In general, bathroom renovations are rarely just updates to the fits and finishes of the bathroom. Tastes change in the cosmetic details, but so do the needs. As recently as 10 years ago, many would have thought it was unheard of to eliminate a tub and have only a shower. The truth is, big, luxurious showers with multiple heads, nozzles, and steam have become very popular. After decades of seeing large garden tubs become dust collectors or only used occasionally to wash the dog (they were too big for bathing babies), the big tub is for the most part, out. Especially when you are limited by space, a larger shower versus having both a tub and shower is the dominant trend.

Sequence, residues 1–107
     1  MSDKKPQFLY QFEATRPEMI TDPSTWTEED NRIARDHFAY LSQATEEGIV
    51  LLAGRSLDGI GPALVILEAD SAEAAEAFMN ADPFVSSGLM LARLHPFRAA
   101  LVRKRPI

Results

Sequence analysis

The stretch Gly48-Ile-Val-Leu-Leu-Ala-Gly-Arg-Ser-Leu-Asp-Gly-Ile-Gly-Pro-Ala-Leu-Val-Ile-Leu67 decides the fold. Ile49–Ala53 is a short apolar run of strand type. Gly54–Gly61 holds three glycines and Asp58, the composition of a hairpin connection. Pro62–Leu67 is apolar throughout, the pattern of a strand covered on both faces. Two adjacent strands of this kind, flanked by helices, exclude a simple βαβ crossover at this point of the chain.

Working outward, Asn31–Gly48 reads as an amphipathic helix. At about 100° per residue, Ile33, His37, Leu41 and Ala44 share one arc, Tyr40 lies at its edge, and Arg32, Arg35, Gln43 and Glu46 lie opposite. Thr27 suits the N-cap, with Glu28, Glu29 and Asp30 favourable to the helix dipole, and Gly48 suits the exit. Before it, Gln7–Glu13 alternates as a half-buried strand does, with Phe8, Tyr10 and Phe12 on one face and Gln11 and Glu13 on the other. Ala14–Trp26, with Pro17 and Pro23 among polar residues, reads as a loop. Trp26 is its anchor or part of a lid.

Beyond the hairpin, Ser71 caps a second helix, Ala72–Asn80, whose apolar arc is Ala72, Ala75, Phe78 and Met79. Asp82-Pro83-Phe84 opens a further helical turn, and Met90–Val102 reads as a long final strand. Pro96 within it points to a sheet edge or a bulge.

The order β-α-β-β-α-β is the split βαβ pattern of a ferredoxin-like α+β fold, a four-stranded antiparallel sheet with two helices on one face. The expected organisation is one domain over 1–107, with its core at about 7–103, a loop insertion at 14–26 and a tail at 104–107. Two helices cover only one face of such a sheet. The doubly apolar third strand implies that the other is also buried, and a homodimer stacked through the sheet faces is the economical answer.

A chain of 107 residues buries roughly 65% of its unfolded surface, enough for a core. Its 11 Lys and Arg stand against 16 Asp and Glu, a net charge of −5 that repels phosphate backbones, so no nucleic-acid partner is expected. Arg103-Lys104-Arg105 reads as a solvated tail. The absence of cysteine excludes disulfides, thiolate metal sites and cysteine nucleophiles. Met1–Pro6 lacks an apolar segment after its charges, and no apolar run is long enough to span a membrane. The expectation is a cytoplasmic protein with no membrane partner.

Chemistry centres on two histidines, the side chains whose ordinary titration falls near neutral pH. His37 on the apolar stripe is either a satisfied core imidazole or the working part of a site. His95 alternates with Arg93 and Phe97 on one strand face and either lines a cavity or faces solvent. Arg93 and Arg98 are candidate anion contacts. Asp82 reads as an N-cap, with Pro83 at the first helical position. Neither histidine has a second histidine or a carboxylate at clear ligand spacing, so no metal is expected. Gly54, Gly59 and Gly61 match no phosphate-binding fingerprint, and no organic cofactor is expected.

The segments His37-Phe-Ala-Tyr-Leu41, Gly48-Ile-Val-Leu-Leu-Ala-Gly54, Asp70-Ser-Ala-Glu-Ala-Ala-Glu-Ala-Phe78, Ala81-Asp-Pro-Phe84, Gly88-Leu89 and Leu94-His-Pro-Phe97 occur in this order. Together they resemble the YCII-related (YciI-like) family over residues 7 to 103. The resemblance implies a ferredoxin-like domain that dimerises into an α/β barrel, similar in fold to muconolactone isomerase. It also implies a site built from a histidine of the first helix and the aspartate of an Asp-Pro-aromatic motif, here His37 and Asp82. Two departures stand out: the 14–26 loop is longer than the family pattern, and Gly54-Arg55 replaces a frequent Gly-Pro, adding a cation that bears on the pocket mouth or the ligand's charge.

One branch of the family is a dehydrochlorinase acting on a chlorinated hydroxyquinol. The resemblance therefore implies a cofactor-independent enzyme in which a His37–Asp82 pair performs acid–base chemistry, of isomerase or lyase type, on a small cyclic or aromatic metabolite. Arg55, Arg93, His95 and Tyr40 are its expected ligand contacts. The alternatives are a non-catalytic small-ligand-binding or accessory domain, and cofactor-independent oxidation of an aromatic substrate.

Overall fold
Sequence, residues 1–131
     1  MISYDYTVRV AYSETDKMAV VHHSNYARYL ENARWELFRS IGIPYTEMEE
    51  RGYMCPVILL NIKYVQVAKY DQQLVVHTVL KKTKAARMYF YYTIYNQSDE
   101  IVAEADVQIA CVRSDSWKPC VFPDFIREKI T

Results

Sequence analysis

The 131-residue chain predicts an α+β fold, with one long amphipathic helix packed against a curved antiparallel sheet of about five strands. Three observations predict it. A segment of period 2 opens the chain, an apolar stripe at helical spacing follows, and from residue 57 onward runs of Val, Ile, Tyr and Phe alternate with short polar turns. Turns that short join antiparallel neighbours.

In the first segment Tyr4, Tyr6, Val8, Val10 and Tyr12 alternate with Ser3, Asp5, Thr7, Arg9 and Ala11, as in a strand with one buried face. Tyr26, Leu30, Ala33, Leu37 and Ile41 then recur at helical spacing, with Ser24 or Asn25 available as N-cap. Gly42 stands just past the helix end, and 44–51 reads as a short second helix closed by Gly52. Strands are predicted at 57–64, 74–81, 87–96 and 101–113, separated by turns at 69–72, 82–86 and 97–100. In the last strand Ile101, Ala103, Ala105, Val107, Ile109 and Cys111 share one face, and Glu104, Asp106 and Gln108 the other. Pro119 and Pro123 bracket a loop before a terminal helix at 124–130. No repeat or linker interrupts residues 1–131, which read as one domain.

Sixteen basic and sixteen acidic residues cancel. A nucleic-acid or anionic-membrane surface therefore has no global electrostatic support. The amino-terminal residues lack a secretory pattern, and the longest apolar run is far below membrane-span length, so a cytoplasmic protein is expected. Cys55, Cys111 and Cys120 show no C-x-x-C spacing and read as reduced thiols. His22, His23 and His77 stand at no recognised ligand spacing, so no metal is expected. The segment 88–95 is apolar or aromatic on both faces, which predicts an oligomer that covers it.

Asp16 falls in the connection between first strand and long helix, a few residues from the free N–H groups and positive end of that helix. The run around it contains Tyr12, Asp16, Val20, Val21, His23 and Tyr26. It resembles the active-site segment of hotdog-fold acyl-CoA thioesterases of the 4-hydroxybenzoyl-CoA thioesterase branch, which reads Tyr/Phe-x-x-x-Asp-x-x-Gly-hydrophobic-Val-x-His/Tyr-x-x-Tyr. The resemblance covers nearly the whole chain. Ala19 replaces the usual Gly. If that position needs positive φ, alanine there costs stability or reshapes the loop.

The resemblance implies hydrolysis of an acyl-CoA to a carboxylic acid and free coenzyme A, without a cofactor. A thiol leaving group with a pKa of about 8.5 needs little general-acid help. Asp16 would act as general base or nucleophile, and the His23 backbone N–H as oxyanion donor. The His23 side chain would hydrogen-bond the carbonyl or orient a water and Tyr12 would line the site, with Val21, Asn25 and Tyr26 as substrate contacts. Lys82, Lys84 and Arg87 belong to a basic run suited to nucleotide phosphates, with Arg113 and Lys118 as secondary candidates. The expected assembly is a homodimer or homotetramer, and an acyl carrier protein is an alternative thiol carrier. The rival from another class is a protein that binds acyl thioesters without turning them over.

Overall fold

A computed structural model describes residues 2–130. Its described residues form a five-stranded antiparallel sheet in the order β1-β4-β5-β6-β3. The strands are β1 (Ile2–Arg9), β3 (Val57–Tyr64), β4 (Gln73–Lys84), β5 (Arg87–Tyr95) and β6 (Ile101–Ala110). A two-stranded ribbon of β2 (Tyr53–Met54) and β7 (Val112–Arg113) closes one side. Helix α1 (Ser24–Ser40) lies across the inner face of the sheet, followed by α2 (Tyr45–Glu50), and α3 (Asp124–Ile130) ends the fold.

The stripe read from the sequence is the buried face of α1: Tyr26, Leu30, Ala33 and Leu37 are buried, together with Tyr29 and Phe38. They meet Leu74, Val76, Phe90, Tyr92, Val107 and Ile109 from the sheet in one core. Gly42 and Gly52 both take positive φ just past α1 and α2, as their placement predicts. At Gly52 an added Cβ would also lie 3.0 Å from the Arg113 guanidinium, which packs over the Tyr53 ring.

Is it worth it to do an addition to create a new en suite bathroom?
Building an addition for a new master bath can be the solution to finding space you don’t think you have in the existing floor plan. If you are planning to do a gut renovation of your bathroom and you’re looking to expand the footprint of the bath, an addition may be the answer and not actually bust the budget when you weigh the investment you are making if you were to rebuilding the bathroom in the existing space. At the Weaverville project, we are wrapping up the framing for the new bathroom, which will be a wonderful, relaxing haven for our clients.. Because the bedroom was at grade level, putting on the addition was done with minimal structural work, which can be a large part of the expense of an addition. If you have a second story bedroom or will need greater foundational work to under gird the new bath, then weighing the pros and cons of the addition becomes more complicated.
If you’re going to be doing a gut renovation of your existing bath and relocating plumbing and electrical to account for a new layout, creating an addition is worth looking into.